reimbursed for tea. The Administration of Justice Act allows British officials accused of crimes in Massachusetts to be tried in
British, rather than American courts. The Government Act dissolved the Massachusetts Assembly and provided that all
Massachusetts officials be appointed by the King or the royal governor. The act also limited the number of town meetings in
the towns of the colony to one a year. The Quartering Act authorized the army to quarter troop wherever needed in all British
The Quebec Act created a government for British Canada that did not include an elective assembly and jury trials were not
guaranteed. The Southern boundary of Canada was defined as the Ohio River which meant that it included territory claimed
by various American colonies.
First Continental Congress meets in Philadelphia with representatives from all of the colonies except Georgia. The Congress
issues a Declaration and Resolves which oppose the Coercive Acts and other British measures and which assert the rights of
colonists and colonial assemblies.
Battles of Lexington and Concord erupt between Massachusetts militia and British troops when British troops march to
Concord to destroy a colonial arms depot there. Revolutionary War begins.
Second Continental Congress meets in Philadelphia and appoints George Washington as commander of the Continental
Army. The Congress still rejects a declaration of independence.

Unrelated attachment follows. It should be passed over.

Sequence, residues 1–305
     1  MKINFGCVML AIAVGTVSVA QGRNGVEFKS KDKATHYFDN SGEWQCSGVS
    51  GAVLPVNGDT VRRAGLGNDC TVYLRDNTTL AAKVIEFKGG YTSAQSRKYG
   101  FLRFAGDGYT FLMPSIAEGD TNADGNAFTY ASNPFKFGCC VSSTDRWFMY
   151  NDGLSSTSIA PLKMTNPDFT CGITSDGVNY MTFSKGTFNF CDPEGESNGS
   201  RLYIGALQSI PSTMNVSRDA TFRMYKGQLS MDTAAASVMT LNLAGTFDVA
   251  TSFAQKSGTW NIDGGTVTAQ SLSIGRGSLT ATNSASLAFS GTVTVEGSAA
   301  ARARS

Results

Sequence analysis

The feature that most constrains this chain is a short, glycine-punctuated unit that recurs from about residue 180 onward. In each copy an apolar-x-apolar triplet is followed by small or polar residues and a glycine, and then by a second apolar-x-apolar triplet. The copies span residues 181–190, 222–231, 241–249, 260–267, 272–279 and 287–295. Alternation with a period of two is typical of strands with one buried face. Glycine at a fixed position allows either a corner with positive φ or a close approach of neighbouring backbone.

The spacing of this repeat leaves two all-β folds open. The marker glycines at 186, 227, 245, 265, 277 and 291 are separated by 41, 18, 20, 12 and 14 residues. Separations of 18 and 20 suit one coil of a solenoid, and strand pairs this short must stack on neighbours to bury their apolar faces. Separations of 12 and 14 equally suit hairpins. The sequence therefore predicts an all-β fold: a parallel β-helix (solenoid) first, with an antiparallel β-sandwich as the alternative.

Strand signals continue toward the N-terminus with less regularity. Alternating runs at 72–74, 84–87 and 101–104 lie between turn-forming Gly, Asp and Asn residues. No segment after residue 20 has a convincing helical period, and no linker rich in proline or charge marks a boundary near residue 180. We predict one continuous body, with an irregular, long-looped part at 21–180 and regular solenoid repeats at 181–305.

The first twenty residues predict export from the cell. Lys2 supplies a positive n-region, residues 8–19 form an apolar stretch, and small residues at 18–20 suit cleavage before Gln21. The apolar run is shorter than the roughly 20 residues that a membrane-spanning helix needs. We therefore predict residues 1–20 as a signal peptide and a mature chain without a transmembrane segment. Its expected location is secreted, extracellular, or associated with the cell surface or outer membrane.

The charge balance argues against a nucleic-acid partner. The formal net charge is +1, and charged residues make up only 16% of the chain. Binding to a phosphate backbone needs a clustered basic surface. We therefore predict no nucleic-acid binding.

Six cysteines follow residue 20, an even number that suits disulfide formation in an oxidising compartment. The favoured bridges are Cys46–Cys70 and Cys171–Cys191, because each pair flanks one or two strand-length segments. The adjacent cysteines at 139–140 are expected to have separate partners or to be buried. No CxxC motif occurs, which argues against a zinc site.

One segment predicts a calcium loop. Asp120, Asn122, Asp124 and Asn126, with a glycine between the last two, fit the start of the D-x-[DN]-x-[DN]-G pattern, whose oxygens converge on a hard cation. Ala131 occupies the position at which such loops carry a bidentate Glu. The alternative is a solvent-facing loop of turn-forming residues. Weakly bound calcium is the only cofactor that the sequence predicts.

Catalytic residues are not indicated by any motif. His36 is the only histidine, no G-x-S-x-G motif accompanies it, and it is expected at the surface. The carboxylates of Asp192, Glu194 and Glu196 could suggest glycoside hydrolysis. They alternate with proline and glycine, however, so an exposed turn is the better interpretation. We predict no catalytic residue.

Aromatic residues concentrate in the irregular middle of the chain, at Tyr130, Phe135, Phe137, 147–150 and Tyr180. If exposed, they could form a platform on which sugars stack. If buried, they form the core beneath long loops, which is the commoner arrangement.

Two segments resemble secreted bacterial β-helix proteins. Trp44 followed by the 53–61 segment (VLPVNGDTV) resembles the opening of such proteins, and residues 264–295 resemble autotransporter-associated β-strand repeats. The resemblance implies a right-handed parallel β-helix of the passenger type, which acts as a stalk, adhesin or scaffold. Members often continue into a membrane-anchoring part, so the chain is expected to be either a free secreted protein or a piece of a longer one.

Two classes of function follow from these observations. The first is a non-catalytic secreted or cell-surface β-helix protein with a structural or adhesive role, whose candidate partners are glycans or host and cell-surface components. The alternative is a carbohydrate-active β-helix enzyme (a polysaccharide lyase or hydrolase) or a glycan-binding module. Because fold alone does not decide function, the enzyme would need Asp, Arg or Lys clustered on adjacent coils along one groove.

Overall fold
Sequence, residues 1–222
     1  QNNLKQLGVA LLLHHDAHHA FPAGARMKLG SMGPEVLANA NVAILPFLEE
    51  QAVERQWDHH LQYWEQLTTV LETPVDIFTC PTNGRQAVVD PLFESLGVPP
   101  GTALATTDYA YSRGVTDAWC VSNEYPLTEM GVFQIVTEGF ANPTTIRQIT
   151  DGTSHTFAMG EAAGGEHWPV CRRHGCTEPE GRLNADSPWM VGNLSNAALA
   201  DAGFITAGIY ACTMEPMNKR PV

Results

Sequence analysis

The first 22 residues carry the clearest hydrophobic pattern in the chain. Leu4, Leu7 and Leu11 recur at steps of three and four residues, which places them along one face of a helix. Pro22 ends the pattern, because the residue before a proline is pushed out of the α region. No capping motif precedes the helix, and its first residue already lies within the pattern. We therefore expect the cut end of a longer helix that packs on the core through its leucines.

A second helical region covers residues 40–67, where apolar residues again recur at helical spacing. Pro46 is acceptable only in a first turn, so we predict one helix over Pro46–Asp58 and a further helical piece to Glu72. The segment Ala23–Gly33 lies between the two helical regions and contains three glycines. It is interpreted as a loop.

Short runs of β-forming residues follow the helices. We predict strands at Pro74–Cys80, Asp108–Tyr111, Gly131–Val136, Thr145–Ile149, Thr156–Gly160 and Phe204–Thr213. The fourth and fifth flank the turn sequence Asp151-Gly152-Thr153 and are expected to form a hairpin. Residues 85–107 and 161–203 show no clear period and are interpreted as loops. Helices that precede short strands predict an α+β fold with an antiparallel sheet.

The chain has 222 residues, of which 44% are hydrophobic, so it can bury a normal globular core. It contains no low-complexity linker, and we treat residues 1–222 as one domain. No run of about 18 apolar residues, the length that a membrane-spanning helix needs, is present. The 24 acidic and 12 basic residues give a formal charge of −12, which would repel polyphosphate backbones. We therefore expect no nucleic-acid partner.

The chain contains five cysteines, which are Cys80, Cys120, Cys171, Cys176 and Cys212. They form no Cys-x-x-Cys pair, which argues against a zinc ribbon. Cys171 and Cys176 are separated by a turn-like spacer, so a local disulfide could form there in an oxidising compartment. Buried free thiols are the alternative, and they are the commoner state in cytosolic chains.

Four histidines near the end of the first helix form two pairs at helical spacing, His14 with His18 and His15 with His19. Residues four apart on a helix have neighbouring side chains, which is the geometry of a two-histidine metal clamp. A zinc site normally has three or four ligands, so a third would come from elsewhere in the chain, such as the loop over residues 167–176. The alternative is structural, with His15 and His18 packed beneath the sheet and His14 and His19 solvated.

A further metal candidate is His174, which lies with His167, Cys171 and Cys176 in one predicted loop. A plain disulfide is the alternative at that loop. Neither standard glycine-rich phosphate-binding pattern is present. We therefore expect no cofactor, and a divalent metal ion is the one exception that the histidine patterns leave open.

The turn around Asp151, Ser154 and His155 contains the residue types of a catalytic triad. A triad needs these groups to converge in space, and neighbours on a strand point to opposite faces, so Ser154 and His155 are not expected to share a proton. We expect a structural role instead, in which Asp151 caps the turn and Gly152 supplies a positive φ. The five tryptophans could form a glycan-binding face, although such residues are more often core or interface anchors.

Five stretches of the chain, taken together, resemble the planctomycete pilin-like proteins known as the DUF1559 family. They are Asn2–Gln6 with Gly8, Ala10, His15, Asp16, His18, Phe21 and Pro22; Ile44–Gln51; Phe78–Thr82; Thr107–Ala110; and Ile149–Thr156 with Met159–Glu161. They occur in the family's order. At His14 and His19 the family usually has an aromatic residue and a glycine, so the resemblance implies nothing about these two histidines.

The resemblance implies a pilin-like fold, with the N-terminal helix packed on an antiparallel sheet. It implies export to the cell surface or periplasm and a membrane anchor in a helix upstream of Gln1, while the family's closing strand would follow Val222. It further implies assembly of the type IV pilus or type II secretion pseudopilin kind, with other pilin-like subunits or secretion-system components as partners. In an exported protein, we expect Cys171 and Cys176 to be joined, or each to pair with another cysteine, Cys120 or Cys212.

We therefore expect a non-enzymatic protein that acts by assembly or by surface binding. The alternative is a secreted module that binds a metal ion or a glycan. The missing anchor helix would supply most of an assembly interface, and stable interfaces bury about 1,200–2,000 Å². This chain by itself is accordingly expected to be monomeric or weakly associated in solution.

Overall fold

Thomas Paine's "Common Sense" is published and is widely read. Paine offers a clear and persuasive argument for
independence from Britain.
Declaration of Independence adopted by the Second Continental Congress.
British exhibit military superiority at battles of Long Island (Brooklyn) and several other losses in the New York area,
Washington's Continental Army flees to New Jersey and eventually Pennsylvania.
Americans win important Battle of Saratoga and British General Burgoyne surrenders his force of 5700 soldiers to American
General Gates.
France officially recognizes the independence of the United States. In early 1778 the U.S. and French sign a treaty of
alliance and a treaty of amity and commerce which said that if the British and French were to go to war, that France would
not make peace until the independence of the U.S. was assured. France declares war on Britain in July 1778. Spain and
the Netherlands will later join France in a war against Britain.
Pennsylvania enacts a law mandating the gradual abolition of slavery. Massachusetts adopts a bill of rights that applies to
blacks and whites equally.
British win the Battle of Charles Town and inflict heavy casualties on the Americans
British General Cornwallis surrenders 8000 men to an army of 1600 American and French troop. The French also provide a
key naval blockade. Cornwallis' surrender spells the end of British hopes for victory. By the end of the year battles have
virtually ceased between British and American troops.
Many loyalists begin to leave the United States for Canada and elsewhere.
Treaty of Paris ending the Revolutionary War is signed. Britain recognizes American independence and promises the
withdrawal of British forces from American territory. Americans promise to respect the rights and property of loyalists and to
help British merchants collect all debts owed to them by Americans.